Improving driving standards on main roads in Essex
Police are using an unmarked lorry in a campaign to improve
driving standards on main roads in Essex.
Two officers have been trained to drive the cab section of an
HGV to crack down on truckers and car drivers who are distracted by
using mobile phones or other devices while driving.
The higher seats of a lorry are proving to be ideal vantage
points for looking into the cabs of other trucks or looking down on
car or van drivers.
In two recent incidents a lorry driver was seen typing on the
keyboard section of an iPad resting on his steering wheel while
another trucker was seen writing on an A4 notepad at the wheel.
Both drivers were prosecuted for not having proper control of a
Dozens of other drivers have been stopped for using mobile
phones or not wearing seat belts.
Photo: Pc Winfield returns to the police lorry as a
uniformed officers talks with a driver stopped for using a mobile
phone while driving
The crew of the police HGV also deal with general policing
matters and will assist in major operations such as those against
metal theft and as part of their patrols on the A12 they will be
keeping watch for any suspicious activity near bridges in the
Chelmsford area where objects have been thrown on to vehicles
during previous winter months.
PCs Al Cuthbertson and Gary Winfield, both members of the Essex
Police commercial vehicle unit, have both obtained HGV licences to
drive the police lorry.
Photo: Pc Cuthbertson at the wheel of the police
While one officer drives the other keeps watch from the
passenger seat and uses a radio to pass information to other
officers on motorbike or in cars to stop offending drivers.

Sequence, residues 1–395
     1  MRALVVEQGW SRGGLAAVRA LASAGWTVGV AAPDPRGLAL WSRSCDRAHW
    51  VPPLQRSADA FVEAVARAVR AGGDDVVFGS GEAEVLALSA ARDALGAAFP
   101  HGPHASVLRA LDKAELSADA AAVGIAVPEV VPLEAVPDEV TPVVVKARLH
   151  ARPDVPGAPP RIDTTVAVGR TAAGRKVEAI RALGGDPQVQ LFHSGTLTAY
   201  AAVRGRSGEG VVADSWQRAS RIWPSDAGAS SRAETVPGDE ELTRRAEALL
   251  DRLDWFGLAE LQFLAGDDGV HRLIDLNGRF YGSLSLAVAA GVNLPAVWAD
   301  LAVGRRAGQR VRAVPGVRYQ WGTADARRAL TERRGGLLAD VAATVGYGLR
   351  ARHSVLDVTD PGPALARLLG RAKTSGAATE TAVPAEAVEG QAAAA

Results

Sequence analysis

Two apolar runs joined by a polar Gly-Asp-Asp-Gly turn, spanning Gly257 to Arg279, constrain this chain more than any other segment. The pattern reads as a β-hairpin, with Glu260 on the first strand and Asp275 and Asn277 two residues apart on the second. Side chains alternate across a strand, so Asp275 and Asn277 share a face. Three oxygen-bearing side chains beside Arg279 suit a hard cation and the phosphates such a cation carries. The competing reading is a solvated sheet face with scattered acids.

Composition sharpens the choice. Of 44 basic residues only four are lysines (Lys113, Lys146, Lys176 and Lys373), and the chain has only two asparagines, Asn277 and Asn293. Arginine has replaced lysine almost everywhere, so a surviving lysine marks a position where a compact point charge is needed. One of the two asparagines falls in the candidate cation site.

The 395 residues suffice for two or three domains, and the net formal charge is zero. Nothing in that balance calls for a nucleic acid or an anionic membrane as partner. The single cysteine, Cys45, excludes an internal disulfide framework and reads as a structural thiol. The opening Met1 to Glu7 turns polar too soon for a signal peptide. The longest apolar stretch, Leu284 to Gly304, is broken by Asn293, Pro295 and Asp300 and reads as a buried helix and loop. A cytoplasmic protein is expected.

The grey Mercedes Actros tractor unit has been owned by Essex
Police for many years and is normally used to haul a large trailer
converted as a mobile control centre used at major incidents or
The lorry has no police markings, but has a distinctive number
plate A12 EPD, originally obtained for its usual role at public
events. PCs Cuthbertson and Winfield do not wear full uniform when
on board and wear fleeces over their usual police issue shirts.
“Although it has been nicknamed the ‘plainclothes lorry’ there
is nothing secret or covert about the truck,” said Adam Pipe, Essex
Police’s casualty reduction manager.
“It is being used for road safety and general policing patrols
and is especially useful for keeping an eye on lorry drivers and
motorists who are not driving safely or are breaking the law by
using phones and other devices or not wearing seat belts.
“It has been a real eye-opener to see the results of the HGV
patrols because police in cars or motorbikes cannot see in the
lofty cabs of lorries. In just two days of operations the HGV has
seen lorries being driven at 50mph or more while the drivers are
“In one case a driver was writing notes on an A4 pad resting on
the steering wheel while negotiating the bends on the A12 at
Ingatestone. If the truck had gone out of control the consequences
could easily have been fatal for the lorry driver and anyone
driving towards him on the other carriageway.
“We are extremely concerned at the way drivers are being
distracted at the wheel, especially with the massive increase in
the use of smart phone and iPads. There have also been reports of
some continental lorry driver watching TV or films while
“We are determined that through patrols with the HGV we can reduce
the dangers of commercial drivers taking liberties and putting
innocent lives at risk.”